Taking the Pain out of Parenting

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Justin Coulson, PhD, and his family.

I often tell my Mom how amazed I am that she was able to successfully raise two boys without the aid of Google. For me, becoming a parent has been rewarding, but by far the most challenging thing I have ever done. There are great moments of love, joy, laughter, pride, and fun. But there are also intense moments of anger, frustration, and even despair.

What makes parenting so difficult is that following your own instincts can often lead you astray. Our natural instincts lead us to overparent our children, to try our best to control them, and to get angry when we can’t.

These strategies, which often feel right or natural at the time, establish long-term patterns for how we relate to our children and have a massive consequence on our relationship with our children as they grow.

Unlike my mother’s generation, I have the ability to turn to the Google every time I confront a new parenting challenge that I don’t know how to handle. On the internet I can find the answer to every question that comes along and I can find a variety of experts providing advice and recommendations for how to navigate the pitfalls of parenting. One of my favorite parenting experts, who has truly influenced my own approach to parenting, is Justin Coulson, an Australian father of 6 girls (if that doesn’t qualify you as a parenting expert, I don’t know what does,) who is trying to make parenting fun again.

21 DaysHe’s just published a new book, 21 Days to a Happier Family to address the unhappiness that he sees in so many parent-child relationships. The parents aren’t enjoying parenting, as they spend a lot of their time being angry and frustrated. And the children aren’t enjoying being parented, as they feel bullied and domineered by their parents.

Coulson reminds us that parenting should be fun, but to get to that place, we have to give up the idea of trying to control our kids. When you have small children, it is tempting to use your larger size, your intimidating voice and your control over rewards and punishments to get your children to behave. But this approach backfires in two ways. First, while yelling may be effective at first, the child eventually becomes immune to it. The parent is then forced to keep yelling louder and louder to try and force their child into submission. Second, Coulson suggests that getting them to behave is less important than having them learn the reasons for good behavior.

In other words, do you want your child to behave because a larger, stronger, authoritarian figure is demanding that they do so? Or do you want them to behave because they understand how their behavior might affect others around them?

Many of Coulson’s strategies involve parents giving up the quick wins that are achieved through domination, and practicing a more patient, collaborative and thoughtful approach towards teaching our children. Most importantly, Coulson encourages parents to have fun with their children. Any repetitive pattern of struggle (getting kids to pick up their toys for example) is an opportunity to create a new family ritual that is about fun and togetherness (and still gets the job done.)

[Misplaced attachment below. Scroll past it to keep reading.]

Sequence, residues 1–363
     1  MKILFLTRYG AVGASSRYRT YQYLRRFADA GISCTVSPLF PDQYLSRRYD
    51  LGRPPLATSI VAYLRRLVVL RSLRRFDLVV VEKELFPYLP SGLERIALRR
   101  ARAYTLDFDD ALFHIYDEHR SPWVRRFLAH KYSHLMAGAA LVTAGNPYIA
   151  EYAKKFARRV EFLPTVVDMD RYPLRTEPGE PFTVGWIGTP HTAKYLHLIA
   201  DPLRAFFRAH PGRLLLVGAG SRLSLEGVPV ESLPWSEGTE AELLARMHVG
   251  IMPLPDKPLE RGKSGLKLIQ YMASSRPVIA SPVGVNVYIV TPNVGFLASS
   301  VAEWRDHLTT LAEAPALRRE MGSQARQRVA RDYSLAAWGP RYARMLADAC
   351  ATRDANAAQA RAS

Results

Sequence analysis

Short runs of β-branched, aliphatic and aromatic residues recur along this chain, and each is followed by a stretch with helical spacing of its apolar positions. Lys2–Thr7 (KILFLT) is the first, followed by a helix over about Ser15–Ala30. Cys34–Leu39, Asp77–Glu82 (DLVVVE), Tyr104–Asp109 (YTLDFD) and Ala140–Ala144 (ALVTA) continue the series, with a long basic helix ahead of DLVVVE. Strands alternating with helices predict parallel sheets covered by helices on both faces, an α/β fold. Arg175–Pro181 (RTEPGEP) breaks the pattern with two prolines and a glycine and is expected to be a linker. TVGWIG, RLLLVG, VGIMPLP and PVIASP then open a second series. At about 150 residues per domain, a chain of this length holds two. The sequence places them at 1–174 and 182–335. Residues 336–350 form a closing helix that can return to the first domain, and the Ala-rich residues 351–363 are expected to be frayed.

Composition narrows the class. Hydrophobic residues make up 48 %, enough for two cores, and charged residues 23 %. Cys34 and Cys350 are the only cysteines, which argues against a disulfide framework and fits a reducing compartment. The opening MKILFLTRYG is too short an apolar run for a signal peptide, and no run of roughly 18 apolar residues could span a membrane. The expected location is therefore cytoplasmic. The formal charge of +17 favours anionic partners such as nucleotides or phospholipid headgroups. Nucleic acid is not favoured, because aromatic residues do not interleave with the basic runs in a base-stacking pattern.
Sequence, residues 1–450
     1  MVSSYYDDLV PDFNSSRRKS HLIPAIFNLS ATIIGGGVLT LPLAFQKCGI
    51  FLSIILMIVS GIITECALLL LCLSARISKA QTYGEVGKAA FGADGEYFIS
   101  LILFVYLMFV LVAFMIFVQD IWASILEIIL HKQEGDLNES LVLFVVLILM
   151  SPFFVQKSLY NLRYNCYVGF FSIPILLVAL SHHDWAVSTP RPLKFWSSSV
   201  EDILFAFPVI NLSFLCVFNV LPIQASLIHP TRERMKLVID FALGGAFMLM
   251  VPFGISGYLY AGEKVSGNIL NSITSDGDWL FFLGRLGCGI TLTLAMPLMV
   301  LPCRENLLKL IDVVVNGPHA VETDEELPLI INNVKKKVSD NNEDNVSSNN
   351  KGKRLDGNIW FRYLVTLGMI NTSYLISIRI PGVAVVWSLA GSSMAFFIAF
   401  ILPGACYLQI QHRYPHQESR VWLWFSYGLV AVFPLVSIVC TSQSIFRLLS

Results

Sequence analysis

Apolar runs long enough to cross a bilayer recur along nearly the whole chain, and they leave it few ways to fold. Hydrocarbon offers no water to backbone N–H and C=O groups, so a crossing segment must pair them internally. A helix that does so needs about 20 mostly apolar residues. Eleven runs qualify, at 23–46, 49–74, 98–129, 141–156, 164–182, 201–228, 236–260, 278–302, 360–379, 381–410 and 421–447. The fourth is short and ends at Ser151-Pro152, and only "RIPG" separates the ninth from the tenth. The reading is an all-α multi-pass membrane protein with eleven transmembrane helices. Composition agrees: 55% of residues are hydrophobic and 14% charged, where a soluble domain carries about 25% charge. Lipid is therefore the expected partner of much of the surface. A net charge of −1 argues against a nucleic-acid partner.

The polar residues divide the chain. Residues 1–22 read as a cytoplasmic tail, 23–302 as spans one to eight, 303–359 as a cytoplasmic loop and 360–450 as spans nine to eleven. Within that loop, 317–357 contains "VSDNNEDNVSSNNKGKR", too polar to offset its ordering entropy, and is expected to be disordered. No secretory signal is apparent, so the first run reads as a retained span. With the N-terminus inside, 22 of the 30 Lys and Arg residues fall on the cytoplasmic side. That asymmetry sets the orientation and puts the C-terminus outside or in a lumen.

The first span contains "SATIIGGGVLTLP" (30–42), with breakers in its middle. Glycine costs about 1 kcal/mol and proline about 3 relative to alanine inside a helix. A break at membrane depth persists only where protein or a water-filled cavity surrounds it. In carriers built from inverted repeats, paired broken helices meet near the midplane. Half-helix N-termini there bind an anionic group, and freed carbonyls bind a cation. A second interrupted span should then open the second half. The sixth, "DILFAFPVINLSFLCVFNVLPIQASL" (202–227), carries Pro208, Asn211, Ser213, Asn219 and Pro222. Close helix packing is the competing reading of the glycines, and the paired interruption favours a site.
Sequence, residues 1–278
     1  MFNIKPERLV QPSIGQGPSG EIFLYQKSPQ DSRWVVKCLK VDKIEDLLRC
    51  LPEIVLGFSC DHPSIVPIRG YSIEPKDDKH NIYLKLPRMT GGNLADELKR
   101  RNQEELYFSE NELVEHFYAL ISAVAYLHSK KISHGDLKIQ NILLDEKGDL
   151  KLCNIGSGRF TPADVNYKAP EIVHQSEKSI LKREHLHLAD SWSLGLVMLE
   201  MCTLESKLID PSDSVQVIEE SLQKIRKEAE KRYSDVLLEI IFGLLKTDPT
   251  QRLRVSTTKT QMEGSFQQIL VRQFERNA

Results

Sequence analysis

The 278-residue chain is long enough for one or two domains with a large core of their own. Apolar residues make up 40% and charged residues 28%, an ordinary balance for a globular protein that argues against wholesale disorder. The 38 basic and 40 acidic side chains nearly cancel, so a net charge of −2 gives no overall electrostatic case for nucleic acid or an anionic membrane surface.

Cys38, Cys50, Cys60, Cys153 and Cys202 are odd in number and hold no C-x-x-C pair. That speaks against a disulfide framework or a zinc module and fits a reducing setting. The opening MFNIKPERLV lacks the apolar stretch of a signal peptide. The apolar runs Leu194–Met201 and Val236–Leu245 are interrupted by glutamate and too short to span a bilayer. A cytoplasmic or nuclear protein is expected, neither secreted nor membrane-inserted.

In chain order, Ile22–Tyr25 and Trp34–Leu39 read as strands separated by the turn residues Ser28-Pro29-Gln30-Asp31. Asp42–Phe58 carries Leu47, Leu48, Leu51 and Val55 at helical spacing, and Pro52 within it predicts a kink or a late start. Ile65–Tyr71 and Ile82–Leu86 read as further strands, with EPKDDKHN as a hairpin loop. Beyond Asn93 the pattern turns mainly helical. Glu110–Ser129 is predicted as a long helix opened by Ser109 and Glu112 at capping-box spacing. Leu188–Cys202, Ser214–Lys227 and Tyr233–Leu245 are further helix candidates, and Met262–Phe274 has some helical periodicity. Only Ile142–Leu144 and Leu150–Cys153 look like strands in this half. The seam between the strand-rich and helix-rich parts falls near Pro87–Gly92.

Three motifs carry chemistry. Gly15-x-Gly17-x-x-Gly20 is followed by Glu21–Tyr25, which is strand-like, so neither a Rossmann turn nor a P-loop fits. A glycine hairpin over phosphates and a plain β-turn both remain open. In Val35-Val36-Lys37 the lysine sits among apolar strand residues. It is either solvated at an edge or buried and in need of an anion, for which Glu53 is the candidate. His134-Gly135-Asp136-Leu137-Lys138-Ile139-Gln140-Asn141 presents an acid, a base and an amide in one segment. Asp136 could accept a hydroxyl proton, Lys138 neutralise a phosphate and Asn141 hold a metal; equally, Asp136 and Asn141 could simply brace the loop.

Reading 21 Days to a Happier Family does not necessarily make parenting any easier. In fact, some of the strategies are extremely challenging because they go against our natural instincts as parents. But I believe Coulson’s approach can make a big difference in the long-term relationship that parents develop with their children, based less on authority and more on love, collaboration and compassion

 

P.S. This is the second book of Justin’s I’ve reviewed on the site. (See http://psychologyofwellbeing.com/201209/the-subtle-art-of-contextual-parenting.html.) Most of my “book reviews” are more thoughtful analyses of the ideas in books I’ve read rather than testimonials urging readers to go and buy a book. But Justin’s books have been incredibly helpful to me as a parent and I could not recommend them more highly to other parents out there.

References and recommended reading:

Coulson, J. (2012).  What Your Child Needs From You: Creating a Connected Family.  ACER Press.

Coulson, J. (2016). 21 Days to a Happier Family. ABC Books.

 

by Jeremy McCarthy

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2 Responses to Taking the Pain out of Parenting

  1. Justin Coulson September 26, 2016 at 7:01 am #

    Jeremy, what a welcome and delightful surprise! Thank you for your kind words. I’m grateful you enjoyed 21 days!

    PS – I toyed with the idea of calling it ‘parenting made harder’, to remind people that there are few quick fixes in this relationship. But you’re right – approaching relationships the right way always leads to better outcomes, even if it does require a little more of us. It makes more of us too!

  2. xylon gellanggao November 20, 2016 at 7:02 pm #

    Parenting is a hard job and its a day to day process for you to learn something from your self and to your children. its a challenging process but its enjoyable yet tiring and at the end of it it’s rewarding.

    thanks

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